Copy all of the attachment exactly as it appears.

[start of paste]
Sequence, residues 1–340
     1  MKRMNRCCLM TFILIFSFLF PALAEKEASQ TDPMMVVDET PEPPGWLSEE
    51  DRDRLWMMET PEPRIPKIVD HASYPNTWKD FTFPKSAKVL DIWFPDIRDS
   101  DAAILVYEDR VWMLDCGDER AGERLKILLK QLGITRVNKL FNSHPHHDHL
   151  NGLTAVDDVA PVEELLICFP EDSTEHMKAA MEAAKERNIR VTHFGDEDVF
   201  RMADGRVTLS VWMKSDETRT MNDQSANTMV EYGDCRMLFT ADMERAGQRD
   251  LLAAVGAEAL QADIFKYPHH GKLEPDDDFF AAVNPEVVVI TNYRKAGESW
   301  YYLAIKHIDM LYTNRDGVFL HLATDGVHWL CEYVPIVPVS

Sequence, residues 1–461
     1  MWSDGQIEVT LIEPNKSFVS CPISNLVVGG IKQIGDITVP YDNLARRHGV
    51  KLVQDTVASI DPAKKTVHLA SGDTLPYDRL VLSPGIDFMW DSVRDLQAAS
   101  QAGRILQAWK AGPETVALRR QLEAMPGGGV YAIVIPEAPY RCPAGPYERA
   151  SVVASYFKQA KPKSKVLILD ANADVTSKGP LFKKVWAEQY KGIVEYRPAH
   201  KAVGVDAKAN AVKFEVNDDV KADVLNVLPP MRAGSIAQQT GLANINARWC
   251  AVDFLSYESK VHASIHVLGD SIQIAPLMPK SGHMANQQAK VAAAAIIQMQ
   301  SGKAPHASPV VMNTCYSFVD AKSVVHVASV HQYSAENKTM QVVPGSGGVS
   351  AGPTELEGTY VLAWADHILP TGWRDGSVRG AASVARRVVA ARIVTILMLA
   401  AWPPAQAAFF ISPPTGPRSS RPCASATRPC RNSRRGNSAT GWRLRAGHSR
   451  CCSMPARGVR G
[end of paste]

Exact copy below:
Sequence, residues 1–340
     1  MKRMNRCCLM TFILIFSFLF PALAEKEASQ TDPMMVVDET PEPPGWLSEE
    51  DRDRLWMMET PEPRIPKIVD HASYPNTWKD FTFPKSAKVL DIWFPDIRDS
   101  DAAILVYEDR VWMLDCGDER AGERLKILLK QLGITRVNKL FNSHPHHDHL
   151  NGLTAVDDVA PVEELLICFP EDSTEHMKAA MEAAKERNIR VTHFGDEDVF
   201  RMADGRVTLS VWMKSDETRT MNDQSANTMV EYGDCRMLFT ADMERAGQRD
   251  LLAAVGAEAL QADIFKYPHH GKLEPDDDFF AAVNPEVVVI TNYRKAGESW
   301  YYLAIKHIDM LYTNRDGVFL HLATDGVHWL CEYVPIVPVS

Sequence, residues 1–461
     1  MWSDGQIEVT LIEPNKSFVS CPISNLVVGG IKQIGDITVP YDNLARRHGV
    51  KLVQDTVASI DPAKKTVHLA SGDTLPYDRL VLSPGIDFMW DSVRDLQAAS
   101  QAGRILQAWK AGPETVALRR QLEAMPGGGV YAIVIPEAPY RCPAGPYERA
   151  SVVASYFKQA KPKSKVLILD ANADVTSKGP LFKKVWAEQY KGIVEYRPAH
   201  KAVGVDAKAN AVKFEVNDDV KADVLNVLPP MRAGSIAQQT GLANINARWC
   251  AVDFLSYESK VHASIHVLGD SIQIAPLMPK SGHMANQQAK VAAAAIIQMQ
   301  SGKAPHASPV VMNTCYSFVD AKSVVHVASV HQYSAENKTM QVVPGSGGVS
   351  AGPTELEGTY VLAWADHILP TGWRDGSVRG AASVARRVVA ARIVTILMLA
   401  AWPPAQAAFF ISPPTGPRSS RPCASATRPC RNSRRGNSAT GWRLRAGHSR
   451  CCSMPARGVR G